We shopped through the Ben Thanh Market place, which is more than a hundred years old. Shop! Oh my. So much to buy, so little room in my suitcase.
I purposely did not sign up for any tours involving military history in Vietnam. I wanted to see the country and the people of today. I didn’t want our visit to a beautiful country to be a sad remembrance of past wars. It was foolish thinking on my part. Evidence of the war is still very much present in Ho Chi Minh City.
As we drove along the wide boulevards in our air conditioned bus, our tour guide pointed out the various sights of interest along the way. On one corner stood a museum dedicated to the captured American military vehicles and air planes on display outside. On another shady thoroughfare were out door exhibits of Chinese and Russian war machines.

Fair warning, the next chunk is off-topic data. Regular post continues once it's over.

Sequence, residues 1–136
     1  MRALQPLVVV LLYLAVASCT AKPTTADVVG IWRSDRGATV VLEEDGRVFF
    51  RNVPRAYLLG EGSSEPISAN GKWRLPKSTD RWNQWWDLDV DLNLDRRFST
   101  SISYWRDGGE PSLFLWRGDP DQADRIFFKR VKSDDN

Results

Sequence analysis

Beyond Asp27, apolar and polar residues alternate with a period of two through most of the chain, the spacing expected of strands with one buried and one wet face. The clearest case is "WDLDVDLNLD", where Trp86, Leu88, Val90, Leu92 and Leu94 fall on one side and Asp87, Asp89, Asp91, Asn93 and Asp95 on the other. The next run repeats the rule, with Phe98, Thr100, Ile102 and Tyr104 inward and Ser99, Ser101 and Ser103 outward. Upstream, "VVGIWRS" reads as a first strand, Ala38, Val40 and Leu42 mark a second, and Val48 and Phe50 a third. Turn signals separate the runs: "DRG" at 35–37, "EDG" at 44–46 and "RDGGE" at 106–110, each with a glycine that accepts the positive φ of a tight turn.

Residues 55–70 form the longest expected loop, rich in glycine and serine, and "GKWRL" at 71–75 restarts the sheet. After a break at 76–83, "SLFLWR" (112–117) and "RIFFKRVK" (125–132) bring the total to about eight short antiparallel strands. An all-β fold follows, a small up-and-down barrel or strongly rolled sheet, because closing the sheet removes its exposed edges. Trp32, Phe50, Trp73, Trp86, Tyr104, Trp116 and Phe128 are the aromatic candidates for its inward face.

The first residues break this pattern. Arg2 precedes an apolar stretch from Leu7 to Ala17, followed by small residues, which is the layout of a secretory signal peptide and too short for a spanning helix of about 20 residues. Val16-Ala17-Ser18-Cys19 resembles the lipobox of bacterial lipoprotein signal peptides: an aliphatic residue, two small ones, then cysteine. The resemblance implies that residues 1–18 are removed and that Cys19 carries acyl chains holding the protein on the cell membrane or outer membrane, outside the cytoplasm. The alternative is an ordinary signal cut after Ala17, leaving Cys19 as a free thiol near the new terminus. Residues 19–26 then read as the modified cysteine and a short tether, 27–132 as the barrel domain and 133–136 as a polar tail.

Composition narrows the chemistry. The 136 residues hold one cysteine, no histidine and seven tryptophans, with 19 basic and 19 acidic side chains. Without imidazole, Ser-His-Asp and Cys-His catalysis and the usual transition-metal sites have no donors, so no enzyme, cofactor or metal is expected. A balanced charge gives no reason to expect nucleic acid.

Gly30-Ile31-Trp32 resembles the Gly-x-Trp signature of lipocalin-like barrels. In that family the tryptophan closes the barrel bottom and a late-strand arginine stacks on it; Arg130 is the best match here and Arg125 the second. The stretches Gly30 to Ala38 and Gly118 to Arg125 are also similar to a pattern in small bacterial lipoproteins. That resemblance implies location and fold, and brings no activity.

Our tour even stopped for a photo shoot in front of the Independence Palace, now known as the Reunification Palace. It had been the home and office of the President of South Vietnam during the Vietnam War. Jeff and I stood on the very same spot where a North Vietnamese Army tank crashed through the gates on April 30, 1975, ending the war with the fall of Saigon.
Our tour next took us to the Saigon Central Post office. The building was constructed when Vietnam was part of French Indochina in the late 19th century. Its high ceilings and elegant woodworking showed its Gothic, Renaissance and French influences. You can still buy stamps and post a letter, but it is now mostly a tourist attraction and of course you can also shop for souvenirs.
As we came out of the post office, our tour guide pointed to a building a few blocks away. With one look at the building we knew exactly what we were seeing. I saw this same scene recreated and dramatized as the spectacular climax of the stage musical “Miss Saigon” last year.